The road to zero damages is not an easy one, but where there's a will, there is a way. Whether through government mandates, economic incentives or a drive for safety the rate of damages has been decreasing and the membership of organizations like the CGA have been growing.
In this NoDamage article I'm going to focus on 5 measures that could be implemented across North America to protect critical infrastructure and reduce damages. Many of these have been fully implemented, partially implemented or trialled in other regions of the world. So without further ado here are 5 ways which I think could make an impact:
- Reliable statistics are essential to determine the societal impact of underground utility damage and the effectiveness of policies. Every incident of damage to underground infrastructure should be reported including injuries, fatalities and direct cost. Indirect costs are very difficult to estimate but the Digging Up Britain recently calculated the cost to be 29x higher than the direct costs! One option for doing this efficiently is to classify incidents by seriousness and assign different levels of reporting based on this classification. This is already done in the pipeline industry where PHMSA assigns levels of seriousness based on cost, consequence, injuries and fatalities. It may be a good idea to mandate this reporting as that would enforce compliance and provide a fuller picture of what is happening.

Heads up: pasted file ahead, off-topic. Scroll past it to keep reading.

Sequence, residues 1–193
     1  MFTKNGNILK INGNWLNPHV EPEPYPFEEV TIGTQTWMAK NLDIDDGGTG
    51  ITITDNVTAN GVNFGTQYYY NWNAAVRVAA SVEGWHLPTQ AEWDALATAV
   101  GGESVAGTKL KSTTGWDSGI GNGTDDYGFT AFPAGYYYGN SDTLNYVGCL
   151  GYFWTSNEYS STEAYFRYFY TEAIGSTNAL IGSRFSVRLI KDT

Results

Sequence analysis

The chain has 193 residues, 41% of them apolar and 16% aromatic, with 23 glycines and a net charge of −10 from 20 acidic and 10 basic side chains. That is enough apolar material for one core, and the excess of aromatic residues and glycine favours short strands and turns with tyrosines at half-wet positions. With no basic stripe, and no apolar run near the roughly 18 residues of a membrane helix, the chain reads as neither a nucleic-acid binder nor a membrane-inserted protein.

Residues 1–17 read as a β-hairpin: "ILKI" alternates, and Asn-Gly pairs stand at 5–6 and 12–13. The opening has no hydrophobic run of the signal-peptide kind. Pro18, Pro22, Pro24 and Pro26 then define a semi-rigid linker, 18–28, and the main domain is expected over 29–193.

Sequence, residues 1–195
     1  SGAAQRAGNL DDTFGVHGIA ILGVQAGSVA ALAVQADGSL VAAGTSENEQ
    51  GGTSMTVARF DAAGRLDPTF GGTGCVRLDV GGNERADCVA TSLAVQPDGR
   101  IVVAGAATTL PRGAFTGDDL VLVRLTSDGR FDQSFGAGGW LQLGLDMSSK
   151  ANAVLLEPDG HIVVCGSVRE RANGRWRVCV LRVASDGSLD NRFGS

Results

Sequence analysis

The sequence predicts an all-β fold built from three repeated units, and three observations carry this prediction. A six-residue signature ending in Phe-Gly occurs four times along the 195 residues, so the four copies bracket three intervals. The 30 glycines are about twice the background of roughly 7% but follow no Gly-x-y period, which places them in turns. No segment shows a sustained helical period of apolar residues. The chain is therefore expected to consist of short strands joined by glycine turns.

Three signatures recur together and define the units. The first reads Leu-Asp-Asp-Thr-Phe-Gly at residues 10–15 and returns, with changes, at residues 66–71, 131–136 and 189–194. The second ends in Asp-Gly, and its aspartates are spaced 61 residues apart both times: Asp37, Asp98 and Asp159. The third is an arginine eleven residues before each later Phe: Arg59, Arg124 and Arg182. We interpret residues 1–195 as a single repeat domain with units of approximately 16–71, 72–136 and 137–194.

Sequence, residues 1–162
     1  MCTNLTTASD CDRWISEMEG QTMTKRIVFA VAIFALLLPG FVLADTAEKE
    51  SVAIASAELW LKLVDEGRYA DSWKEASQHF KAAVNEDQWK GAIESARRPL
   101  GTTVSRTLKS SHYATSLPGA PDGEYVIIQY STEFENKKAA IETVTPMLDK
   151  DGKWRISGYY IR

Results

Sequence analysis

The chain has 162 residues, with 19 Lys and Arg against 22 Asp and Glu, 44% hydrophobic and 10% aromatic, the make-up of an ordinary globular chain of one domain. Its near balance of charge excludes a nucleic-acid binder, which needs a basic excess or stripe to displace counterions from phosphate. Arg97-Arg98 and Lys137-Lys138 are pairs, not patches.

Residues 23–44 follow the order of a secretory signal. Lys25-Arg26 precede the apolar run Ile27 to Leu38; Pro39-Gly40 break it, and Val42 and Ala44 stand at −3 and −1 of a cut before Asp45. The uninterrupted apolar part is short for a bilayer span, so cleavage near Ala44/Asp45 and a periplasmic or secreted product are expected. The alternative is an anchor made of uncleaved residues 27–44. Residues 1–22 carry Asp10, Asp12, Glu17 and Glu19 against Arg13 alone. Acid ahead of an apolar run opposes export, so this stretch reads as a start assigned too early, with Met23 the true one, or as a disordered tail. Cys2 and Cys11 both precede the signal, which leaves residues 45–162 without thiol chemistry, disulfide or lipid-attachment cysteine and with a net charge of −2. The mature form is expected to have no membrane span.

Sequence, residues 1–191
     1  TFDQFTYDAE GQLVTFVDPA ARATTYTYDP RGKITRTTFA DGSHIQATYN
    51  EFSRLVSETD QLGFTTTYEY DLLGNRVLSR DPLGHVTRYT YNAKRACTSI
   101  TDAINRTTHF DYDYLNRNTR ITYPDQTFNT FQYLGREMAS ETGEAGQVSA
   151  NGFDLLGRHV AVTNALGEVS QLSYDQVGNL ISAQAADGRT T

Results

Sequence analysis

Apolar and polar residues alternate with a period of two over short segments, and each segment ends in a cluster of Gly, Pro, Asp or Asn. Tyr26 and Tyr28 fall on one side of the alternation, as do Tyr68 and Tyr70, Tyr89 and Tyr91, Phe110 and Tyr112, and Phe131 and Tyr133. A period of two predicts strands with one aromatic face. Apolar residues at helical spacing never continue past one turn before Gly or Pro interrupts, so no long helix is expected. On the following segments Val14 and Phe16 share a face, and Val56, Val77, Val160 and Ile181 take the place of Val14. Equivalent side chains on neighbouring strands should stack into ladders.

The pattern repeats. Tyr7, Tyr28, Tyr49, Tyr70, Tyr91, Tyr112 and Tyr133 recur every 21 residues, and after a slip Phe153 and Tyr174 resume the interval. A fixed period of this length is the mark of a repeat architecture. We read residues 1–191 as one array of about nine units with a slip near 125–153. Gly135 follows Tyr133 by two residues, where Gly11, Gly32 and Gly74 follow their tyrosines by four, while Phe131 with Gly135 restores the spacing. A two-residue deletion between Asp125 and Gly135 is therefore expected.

- Assigning quality levels to underground infrastructure. This would ideally be based on a generally accepted quality standard and is critical for determining the type of excavation equipment that it is appropriate to use. When doing a locate this kind of information could be collected, and then the One Call / 811 Center or ticket management systems could assign the quality level. In addition, assigning a quality level to underground infrastructure could provide the basis for a shared liability model. An example of this would be CSA S250 in Canada.
- Digital twinning should be mandatory. This would entail collecting and sharing the location of infrastructure discovered as a result of a SUE survey at the start of a project or as a result of a One-Call / 811 information request. Currently, utilities are required to mark the ground and in several states/provinces provide a paper drawing identifying the position of underground utilities. This data must be collected digitally and disseminated. Many locators already perform this with their TMS, such as Utilocate, although it is not required, and some TMSs fall short. The goal is to create a high-quality (QL A and B) database of subterranean infrastructure locations that can be shared with stakeholders throughout time. This could coincide with adopting BIMs into Utility Locates and/or adopting a generally recognized standard for sharing information about the subsurface. The Open Geospatial Consortium is developing MUDDI which is an underground information exchange standard, intended to provide an open standards-based way to share information about the below ground.